Seeing What’s Always Been There

Dear Friends,

“Black art has always existed. It just hasn’t been looked for in the right places.” These words belong to the legendary Romare Bearden, whose life and art were marked by exceptional talent, encompassing a broad range of intellectual and scholarly interests, including music, performing arts, history, and literature. Bearden was also a celebrated humanist who demonstrated a lifelong support of young, emerging artists. And they are words that speak the truth.

It is with this recognition that Black art and artists are overdue their rightful place in the arc of American art that the Hudson River Museum is proud to present African American Art in the 20th Century. This exhibition comprises superb paintings and sculptures by thirty-four African American artists who came to prominence during the period bracketed by the Harlem Renaissance starting in the 1920s, the civil rights movement in the 1960s, and beyond. Drawn from the premier collection of the Smithsonian American Art Museum (SAAM) in Washington D.C., the gathering includes outstanding works by artists whose names are internationally known, as well as those who are finally getting the attention that has been a long time coming. In addition to Romare Bearden, artists include Frederick Brown, Beauford Delaney, Jacob Lawrence, Loïs Mailou Jones, and Renée Stout, whose work ranges in style from portraiture to modern abstraction to the postmodern assemblage of found objects. We are most grateful to our colleagues at SAAM for sharing their artworks with us and our community.

Very much of the 21st century, this season we are thrilled to share the museum debut of Jamel Robinson, the Hudson River Museum’s Teaching Artist-in-Residence for fall 2021. Robinson is a painter, sculptor, writer, and performance artist who has evolved an individual style of abstraction. In Beauty from Ashes, Robinson creates responses to the masterpieces on view in African American Art in the 20th Century. For the Harlem-based artist, the concept of beauty emerging from ashes “holds true to the Black experience with the historical and present day ashes served to us in America, to my personal experience of navigating life’s challenges, and to the extended universal view of everyone’s ability to use circumstance as a platform of expression.”

We invite you to be part of this evolving legacy of artistic and social expression in one of the many exceptional programs we have in store this season. Bring your family to Family Studio Art Workshop: Beauty Dream to make new memories together. Is music and spoken word more your style? Then don’t miss Poetry Reading & Responsive Writing. Want to know more about the creative explosion that was the Harlem Renaissance? Then join us for a virtual walking tour of historic Harlem.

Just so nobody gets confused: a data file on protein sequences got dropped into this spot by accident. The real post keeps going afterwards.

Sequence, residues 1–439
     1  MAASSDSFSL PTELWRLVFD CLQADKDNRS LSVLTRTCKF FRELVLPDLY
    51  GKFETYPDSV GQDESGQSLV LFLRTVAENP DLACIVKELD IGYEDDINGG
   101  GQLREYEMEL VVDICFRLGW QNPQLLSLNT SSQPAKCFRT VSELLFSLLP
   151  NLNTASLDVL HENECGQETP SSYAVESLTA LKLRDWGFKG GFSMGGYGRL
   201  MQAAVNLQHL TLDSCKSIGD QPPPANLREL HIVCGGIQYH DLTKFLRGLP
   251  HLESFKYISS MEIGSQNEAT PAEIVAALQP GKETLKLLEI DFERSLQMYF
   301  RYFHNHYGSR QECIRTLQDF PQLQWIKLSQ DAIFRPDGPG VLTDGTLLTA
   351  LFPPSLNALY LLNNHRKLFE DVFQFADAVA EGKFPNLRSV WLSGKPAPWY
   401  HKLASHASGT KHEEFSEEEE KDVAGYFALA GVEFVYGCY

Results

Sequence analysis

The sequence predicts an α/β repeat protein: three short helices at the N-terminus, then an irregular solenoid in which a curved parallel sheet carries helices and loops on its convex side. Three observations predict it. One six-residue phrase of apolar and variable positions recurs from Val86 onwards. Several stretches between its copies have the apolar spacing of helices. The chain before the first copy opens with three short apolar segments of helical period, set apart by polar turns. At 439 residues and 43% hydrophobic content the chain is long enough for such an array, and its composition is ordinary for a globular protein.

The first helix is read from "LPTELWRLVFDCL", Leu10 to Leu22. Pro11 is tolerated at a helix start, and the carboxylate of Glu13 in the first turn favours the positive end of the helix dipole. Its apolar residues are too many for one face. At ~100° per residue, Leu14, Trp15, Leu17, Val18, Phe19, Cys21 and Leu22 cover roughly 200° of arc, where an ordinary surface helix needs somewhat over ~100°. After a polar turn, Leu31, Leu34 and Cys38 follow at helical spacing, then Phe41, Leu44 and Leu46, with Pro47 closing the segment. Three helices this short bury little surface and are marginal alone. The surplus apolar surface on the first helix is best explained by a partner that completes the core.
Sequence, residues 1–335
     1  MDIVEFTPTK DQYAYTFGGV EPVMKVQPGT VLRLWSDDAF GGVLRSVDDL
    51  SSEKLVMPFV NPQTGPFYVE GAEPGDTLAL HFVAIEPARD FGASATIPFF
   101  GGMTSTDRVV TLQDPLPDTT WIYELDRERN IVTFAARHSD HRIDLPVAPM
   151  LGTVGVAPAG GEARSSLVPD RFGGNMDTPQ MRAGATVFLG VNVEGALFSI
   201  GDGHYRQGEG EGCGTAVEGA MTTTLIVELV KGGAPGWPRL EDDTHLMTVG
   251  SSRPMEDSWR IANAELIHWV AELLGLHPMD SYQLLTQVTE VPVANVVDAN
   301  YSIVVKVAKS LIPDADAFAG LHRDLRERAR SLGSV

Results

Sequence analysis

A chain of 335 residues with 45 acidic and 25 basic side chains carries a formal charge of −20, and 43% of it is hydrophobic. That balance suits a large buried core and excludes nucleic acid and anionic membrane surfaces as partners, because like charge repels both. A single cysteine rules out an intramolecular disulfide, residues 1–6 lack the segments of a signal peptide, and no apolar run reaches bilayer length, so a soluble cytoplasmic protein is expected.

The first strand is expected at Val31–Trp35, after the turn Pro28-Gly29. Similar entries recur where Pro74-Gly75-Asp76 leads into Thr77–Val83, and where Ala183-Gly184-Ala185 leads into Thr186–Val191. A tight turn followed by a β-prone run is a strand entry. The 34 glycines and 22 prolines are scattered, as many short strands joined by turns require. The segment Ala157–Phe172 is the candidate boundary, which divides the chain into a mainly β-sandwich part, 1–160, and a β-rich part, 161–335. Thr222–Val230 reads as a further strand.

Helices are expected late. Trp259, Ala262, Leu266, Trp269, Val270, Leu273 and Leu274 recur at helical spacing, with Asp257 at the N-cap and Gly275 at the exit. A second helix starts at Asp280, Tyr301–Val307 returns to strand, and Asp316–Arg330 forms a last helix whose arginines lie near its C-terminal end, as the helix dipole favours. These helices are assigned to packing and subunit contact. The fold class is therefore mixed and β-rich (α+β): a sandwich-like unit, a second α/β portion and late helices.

Whatever you choose, we’re confident you will find a work that speaks to your interest in connecting with the human experience here at the HRM. And we always appreciate hearing more about what moved you and why, so if you’re not yet a follower, take a moment to see what we’re up to on Instagram or share an aspect of your visit with us.

Here’s to seeing you at the Museum and to all of us seeing the excellence that has been there all along,

Masha Turchinsky
Director and CEO

 

Image (from left to right): Jacob Lawrence, “Men exist for the sake of one another. Teach them then or bear with them.”—Marcus Aurelius Antoninus, Meditations, VIII:59, 1958. Oil on fiberboard. Smithsonian American Art Museum. Gift of the Container Corporation of America, 1984.124.171. Jacob Lawrence, Community (study for mural, Jamaica, NY), 1986. Gouache on paper. Smithsonian American Art Museum. Transfer from the General Services Administration, Art-in-Architecture Program, 1990.36. Frederick Brown, John Henry, 1979, oil on canvas. Smithsonian American Art Museum, gift of Gerald L. Pearson. © 2021 Frederick J. Brown Trust / Artists Rights Society (ARS), NY. Frederick Brown, Reverend Reid, 1981. Oil on canvas. Smithsonian American Art Museum. Gift of Byron Lewis, 2009.42.1.